Rental payments are split between payment of imputed interest and liability. The current liability is the portion of the total liability that will be paid in the next 12 months. In other words, it's the difference between the liability now and what the liability will be 12 months from now. It is a negative number, to indicate a credit. All liability amounts are discounted numbers.
On some occasions, the current liability is zero. This indicates a negative principal amortization lease; the rent paid in a period is less than the interest accrued. It is most common on long leases with substantial rent increases. In such a case, the interest is added back to the liability, to be paid at a future date. The current liability becomes non-zero when the liability paid in the next 12 months is greater than the interest being added to the liability.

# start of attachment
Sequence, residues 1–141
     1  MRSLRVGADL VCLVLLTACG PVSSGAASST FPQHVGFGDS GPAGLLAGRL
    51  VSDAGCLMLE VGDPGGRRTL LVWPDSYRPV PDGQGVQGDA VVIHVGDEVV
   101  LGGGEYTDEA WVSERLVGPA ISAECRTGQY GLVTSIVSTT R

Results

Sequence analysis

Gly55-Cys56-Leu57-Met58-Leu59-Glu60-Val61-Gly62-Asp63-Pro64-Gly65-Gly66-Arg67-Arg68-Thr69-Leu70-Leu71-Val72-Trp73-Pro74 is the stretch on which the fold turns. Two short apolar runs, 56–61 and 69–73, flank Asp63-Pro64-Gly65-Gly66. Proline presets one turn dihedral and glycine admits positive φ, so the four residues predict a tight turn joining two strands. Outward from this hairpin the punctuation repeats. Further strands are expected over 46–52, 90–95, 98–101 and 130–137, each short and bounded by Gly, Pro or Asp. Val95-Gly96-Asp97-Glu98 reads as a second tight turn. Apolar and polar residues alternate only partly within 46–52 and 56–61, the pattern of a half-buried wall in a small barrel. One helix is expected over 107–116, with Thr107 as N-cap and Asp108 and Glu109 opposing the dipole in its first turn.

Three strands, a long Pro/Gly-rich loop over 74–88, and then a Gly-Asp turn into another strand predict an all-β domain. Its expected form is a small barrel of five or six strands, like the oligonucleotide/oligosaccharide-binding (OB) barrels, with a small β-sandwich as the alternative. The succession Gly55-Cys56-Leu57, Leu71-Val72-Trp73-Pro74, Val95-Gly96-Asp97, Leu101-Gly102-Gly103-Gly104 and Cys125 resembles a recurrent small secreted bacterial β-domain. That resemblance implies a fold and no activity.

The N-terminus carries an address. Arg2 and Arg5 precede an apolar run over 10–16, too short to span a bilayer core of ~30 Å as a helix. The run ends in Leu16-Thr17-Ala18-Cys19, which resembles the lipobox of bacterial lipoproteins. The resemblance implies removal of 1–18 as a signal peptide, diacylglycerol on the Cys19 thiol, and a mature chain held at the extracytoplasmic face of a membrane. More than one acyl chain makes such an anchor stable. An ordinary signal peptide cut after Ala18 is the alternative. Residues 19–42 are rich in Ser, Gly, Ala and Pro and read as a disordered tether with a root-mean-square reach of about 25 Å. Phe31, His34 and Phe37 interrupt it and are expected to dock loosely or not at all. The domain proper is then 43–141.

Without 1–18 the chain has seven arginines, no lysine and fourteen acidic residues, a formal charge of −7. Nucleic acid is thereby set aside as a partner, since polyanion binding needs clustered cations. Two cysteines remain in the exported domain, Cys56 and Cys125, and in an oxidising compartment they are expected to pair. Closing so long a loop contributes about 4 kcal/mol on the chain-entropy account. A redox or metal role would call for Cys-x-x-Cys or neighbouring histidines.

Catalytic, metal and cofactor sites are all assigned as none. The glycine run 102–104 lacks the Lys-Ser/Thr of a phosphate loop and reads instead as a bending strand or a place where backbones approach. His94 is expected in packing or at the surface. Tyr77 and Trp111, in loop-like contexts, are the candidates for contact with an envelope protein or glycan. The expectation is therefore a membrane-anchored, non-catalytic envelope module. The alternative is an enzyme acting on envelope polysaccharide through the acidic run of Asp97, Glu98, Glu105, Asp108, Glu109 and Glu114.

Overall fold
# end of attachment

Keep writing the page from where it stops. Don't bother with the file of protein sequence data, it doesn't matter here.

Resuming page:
Note: Current liability will always show the balance of principal to be paid in the next 12 months from any given period, regardless of report dates.